If St. Therese is correct that one does not need to be in Purgatory because God Himself does not want this and would love to help us, the thought that Purgatory can be avoided is suddenly not so far-fetched anymore. But first there is the problem of the . aforementioned opinion which says that only few will avoid Purgatory. This is confirmed by great saints and mystics like St. John of the Cross who says, "Only a small number of souls achieve perfect love"8 (perfect love is necessary to go straight to heaven). St. Teresa of Avila also had the experience that only few will be able to avoid Purgatory.9 St. John Vianney said, "It is definite that only a few chosen ones do not go to Purgatory and the suffering there that one must. endure, exceeds our imagination."10

One also has to take into consideration that even practicing Christians are convinced that even the good and faithful and those consecrated to God will have to be exposed to purification in Purgatory for a certain amount of time. The reason for this is always the same: "It is not easy to avoid Purgatory. No one is a saint, and I will certainly have to spend some time there myself." They add to this that "God is just" or "we certainly deserve this."

Therefore, it is even more amazing what St. Therese has to say. Once she encouraged her novice, Sr. Marie de la Trinire to have the faith that it was possible even for her to get to heaven right away. She wondered "If I fail even in: the smallest things, " may I still hope to get straight to heaven?" St Therese, who knew well the weaknesses of her novice, replied: "Yes! God is so good. He will know how He can come and get you. But despite this, try to be faithful, so that He does not wait in vain for your love."11

God is Father rather than Judge.

Once St. Therese had a confrontation regarding this topic with Sr. Marie Febronia, who not only was sixty-seven years old but also was sub-prioress. She had heard that St. Therese encouraged the novices to believe that they could go straight to heaven. She did not like this as she considered this kind of confidence presumptuous, and thus she reproached St Therese. St Therese tried lovingly and calmly to explain to Sr. Febronia her point of view but with no success as Sr. Febronia clung to belief. For St. Therese God was more Father than Judge, and she took the liberty of finally responding, "My sister, if you look for the justice of God you will get it. The soul will receive from God exactly what she desires."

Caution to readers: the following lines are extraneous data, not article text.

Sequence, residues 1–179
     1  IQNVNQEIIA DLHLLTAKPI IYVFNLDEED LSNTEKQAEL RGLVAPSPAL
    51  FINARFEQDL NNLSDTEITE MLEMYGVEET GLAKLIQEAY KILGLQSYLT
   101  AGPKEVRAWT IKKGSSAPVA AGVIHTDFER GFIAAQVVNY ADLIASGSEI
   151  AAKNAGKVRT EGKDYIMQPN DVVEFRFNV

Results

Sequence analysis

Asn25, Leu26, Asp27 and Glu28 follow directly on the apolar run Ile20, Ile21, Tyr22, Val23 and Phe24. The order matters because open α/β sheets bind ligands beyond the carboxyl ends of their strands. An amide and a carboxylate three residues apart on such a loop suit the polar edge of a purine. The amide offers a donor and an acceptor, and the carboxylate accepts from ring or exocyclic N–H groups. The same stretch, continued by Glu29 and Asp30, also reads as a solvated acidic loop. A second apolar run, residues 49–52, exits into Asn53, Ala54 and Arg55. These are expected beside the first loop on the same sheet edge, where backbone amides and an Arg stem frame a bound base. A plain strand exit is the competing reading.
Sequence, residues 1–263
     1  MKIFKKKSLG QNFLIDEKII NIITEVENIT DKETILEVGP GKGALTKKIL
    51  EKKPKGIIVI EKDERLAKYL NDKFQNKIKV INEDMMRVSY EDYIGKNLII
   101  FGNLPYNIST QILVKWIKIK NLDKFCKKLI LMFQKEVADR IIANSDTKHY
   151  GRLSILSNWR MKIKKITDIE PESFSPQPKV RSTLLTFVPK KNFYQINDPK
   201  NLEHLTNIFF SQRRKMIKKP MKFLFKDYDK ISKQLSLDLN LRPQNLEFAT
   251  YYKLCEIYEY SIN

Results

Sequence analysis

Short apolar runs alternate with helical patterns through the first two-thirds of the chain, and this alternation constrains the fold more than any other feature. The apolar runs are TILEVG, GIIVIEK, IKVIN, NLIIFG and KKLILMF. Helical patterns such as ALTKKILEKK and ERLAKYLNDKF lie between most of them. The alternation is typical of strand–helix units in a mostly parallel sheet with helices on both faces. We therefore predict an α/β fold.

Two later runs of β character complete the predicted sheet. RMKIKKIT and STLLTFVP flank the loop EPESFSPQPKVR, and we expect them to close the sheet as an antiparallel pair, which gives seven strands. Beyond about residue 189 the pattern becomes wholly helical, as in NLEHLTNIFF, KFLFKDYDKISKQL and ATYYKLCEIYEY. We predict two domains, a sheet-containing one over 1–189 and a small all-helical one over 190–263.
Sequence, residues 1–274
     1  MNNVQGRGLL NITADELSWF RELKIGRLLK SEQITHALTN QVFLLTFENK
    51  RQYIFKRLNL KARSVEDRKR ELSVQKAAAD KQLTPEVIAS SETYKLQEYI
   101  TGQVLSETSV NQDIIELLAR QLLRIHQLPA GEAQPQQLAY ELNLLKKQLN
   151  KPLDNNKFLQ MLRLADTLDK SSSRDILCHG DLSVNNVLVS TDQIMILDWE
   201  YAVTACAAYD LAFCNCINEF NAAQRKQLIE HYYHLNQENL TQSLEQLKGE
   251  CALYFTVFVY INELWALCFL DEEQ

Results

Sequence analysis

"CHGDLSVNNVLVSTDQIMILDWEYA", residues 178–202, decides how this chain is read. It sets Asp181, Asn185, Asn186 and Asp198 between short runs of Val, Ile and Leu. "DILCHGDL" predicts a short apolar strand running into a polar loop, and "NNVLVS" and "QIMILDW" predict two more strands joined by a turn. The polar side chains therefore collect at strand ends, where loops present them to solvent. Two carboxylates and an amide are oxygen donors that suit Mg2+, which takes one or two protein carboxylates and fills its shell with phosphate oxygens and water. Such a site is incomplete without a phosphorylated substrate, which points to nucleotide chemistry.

The year had not passed when, in January 1892, Sr. M. Febronia together with other sisters fell prey to the flu and died. Three months later Sr. Therese had a dream which she related to her Mother Prioress and which was then documented: "O my Mother, my Sr. M Febronia came to me last night and asked that we should pray for het:. She is in Purgatory, surely because she had trusted too little in the mercy of the good Lord. Through her imploring behavior and her profound looks, it seemed she wanted to say, You were right. I am now delivered up to the full justice of God but it is my fault. If I had listened to you I would not be here now."12

St. Therese's "doctrine" in 7 key words


1. Purgatory became a rule rather than the exception.

An infinite number of souls who suffer in Purgatory and for whom the Church prays daily after consecration did not need to go there. If we think in human terms, God does not wish for us to need Purgatory. God does not put us here on earth, where we are tested and are suffering after the fall, only to let us suffer again--and much worse--in Purgatory. Everyone receives enough graces in order to go straight to God after passing the trials on earth. However, Purgatory is an emergency entry to Heaven for those who have wasted their time. However, what God considered the exception became the rule, and the rule--to go straight to heaven--became the exception.


2. To cope with the "inevitable"